An ashtray artifact surfaced during a recent inventory at the Greece Museum. Lee Strauss and Bill Sauers were kind enough to bring it to my attention and help research what and who it was all about.
Many years ago, every time my late mother and I would drive past a certain farmhouse on English Road, she would announce, “That’s Juddy Kenyon’s house!” Kenyon being an ancestral name, I would press her for details on the relationship, but she was uncharacteristically vague, “Some sort of cousin.” As it turns out, he was my 4th cousin 4 times removed, but prominent enough for her to have claimed him.
As it also turns out, the house to which Mom was referring all those times is a good two miles west of the Judson Kenyon farm property, but the houses are very similar in appearance and if Mom ever actually set foot in “Juddy’s,” it had probably happened 85 years before.
Judson S. Kenyon was born in 1872 in Barry County, Michigan, to William James Kenyon and Elizabeth L. Rowe of Greece. Originally from Rhode Island, William’s parents, and presumably William, farmed in Michigan, but there were extensive Kenyon family ties to Greece, New York. By 1875 William, Elizabeth, and 3-year-old Judson were living in Greece.
Judson, a graduate of Rochester Business Institute, married Mrs. Kate (Rickman) Justice in the Long Pond Road home of her parents, Mr. & Mrs. Arthur Rickman, in April of 1920 (Kate was the widow of Willard H. Justice and had two children by that marriage.) After their wedding trip out west, they lived at what is now 2428 English Road, where they farmed. Both houses still stand.
During his 90-year lifespan, Judson was very active in Greece political, religious, and local government roles. At one time or another, he served as: deacon, clerk, teacher, trustee, treasurer, and historian at Greece Baptist Church; tax collector, justice of the peace, and member of the Town Board of Greece, NY; life member of Greece Grange…and a member of the Greece Republican Party for most of his life.
The base of the ashtray reads: 1948 Honoring Judson S. Kenyon Over 50 Years a Republican Greece Republican Organization
The ashtray was presented to him in 1948, in commemoration of his long-standing involvement in that organization. Way to go, Cousin Juddy!
Thanks to a 75-year-old ashtray and to my mother, whose geography may have been off, but whose interest in family and Greece history were spot-on, I was prompted to tell the story of a prominent Greece resident.
Judson S. Kenyon died in 1963 and is buried in Falls Cemetery, among many of his relatives.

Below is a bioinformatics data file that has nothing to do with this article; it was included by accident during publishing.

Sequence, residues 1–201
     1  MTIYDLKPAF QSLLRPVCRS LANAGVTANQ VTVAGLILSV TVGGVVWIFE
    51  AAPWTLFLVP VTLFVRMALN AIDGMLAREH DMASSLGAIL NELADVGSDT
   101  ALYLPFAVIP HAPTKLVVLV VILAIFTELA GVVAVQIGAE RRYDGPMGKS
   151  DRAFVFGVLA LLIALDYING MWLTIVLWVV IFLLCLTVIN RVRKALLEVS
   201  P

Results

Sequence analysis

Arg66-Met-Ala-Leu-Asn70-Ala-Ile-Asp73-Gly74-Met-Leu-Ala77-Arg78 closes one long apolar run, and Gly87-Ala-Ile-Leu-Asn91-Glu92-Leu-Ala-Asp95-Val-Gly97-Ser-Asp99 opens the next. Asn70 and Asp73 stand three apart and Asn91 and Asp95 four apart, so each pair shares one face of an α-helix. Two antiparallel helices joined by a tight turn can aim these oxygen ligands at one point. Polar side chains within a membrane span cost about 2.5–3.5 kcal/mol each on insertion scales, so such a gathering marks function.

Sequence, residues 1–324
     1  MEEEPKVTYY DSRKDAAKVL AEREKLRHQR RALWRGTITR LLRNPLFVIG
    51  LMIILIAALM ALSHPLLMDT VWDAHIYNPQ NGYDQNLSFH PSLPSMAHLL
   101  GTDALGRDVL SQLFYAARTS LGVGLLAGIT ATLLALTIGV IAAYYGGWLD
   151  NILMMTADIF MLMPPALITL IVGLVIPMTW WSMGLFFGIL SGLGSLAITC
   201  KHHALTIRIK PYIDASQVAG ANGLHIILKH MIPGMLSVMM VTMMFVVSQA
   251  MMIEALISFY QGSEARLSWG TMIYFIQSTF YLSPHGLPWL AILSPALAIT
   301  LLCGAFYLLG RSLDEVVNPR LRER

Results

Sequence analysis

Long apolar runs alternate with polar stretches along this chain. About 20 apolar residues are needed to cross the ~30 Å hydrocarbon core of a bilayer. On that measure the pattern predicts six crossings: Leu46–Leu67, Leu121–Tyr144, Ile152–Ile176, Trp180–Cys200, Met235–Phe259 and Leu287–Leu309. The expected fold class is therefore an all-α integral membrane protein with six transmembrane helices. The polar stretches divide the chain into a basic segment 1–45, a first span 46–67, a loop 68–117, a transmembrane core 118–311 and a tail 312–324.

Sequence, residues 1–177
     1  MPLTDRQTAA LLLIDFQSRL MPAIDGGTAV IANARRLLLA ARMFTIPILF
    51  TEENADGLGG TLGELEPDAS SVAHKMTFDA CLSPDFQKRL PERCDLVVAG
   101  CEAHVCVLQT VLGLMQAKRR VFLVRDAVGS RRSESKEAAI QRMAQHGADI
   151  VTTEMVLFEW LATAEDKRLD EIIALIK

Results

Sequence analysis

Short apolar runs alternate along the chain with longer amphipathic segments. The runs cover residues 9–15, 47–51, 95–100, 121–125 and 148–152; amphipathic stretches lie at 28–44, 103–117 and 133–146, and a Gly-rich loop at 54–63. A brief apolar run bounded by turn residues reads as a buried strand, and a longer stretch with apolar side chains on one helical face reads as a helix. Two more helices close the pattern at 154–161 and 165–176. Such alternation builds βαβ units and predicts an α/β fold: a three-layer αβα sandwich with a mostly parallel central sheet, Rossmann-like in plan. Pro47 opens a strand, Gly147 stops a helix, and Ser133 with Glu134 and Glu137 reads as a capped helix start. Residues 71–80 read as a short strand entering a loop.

Today we are talking about the Dewey-Stone neighborhood, first called Barnard’s Crossing or simply Barnard.
After the annex of Charlotte by the city of Rochester in 1916, Dewey-Stone became the first and is now the oldest neighborhood in the town of Greece. It’s bounded on the south by the railroad tracks at Barnard’s Crossing, on the north by English Road, on the east by Stonewood Avenue, and on the west by Mount Read Boulevard.
Reflecting the times in which they were built, the homes are smaller and closer together than more modern houses, an arrangement that fostered neighborliness. Here you will find mostly Cape Cod-styled homes, but some lovely craftsman bungalows such as the one pictured here on Briarcliff Road. Dewey Stone has the largest concentration of bungalow homes in Monroe County and…
Unique garage homes. During the Depression, the town allowed people who couldn’t afford to build a home to build a two-story garage and live there until they could build a standard home. But in many cases, the larger house was never constructed. These homes are set far back from the road because the main house was going to be built in front of it.
There are even a few Sears homes built in the Dewey Stone area, these houses are assembled from a kit ordered through Sears Roebuck & Company. “Sears provided building plans and specifications, along with the lumber and any other materials needed. The shipment included everything from nails, screws, and paint, to prebuilt building parts, such as staircases and dining nooks.” This house located here on Swansea Park was constructed from The Barrington No. 3260 which was printed in the 1930s Sears, Roebuck & Company catalog and built-in 1935. There are a few other Sears houses built in the Dewey Stone area and throughout the Rochester area and other parts of the country, some are even built in the backyard of the Sears Roebuck & Company offices in Illinois. If it is a Sears house kit there will be located on one of the joists or beams in the basement with the Model information on it that’s if it is still there on the wood.
On this 1902 map, you can see that the area is still mostly farmland.
But by the 1920s, the land was being sold for residential development.
With the highest concentration of residents in the town, naturally, businesses and other services gravitated to the area. The logical site to establish a hub was the Dewey, Stone, and Maiden Lane crossroads. One of the earliest establishments was Norman Cooper’s grocery on the northeast corner of Dewey Stone. The gas station was Essig’s.
In 1928, next to Norm Cooper’s businesses, John Reid purchased the corner lot from Dewey Avenue to Almay Road, building a “block of five stores on Stone Road.” It was the first shopping center in Greece.
Reid ran the Barnard Market and was succeeded after his death in 1957 by his two sons, Jack and Jim.
This is what the Reid Block looks like today.
Leon Cox helped found the Barnard Fire Department, was a town councilman, and was a leading businessman in the area.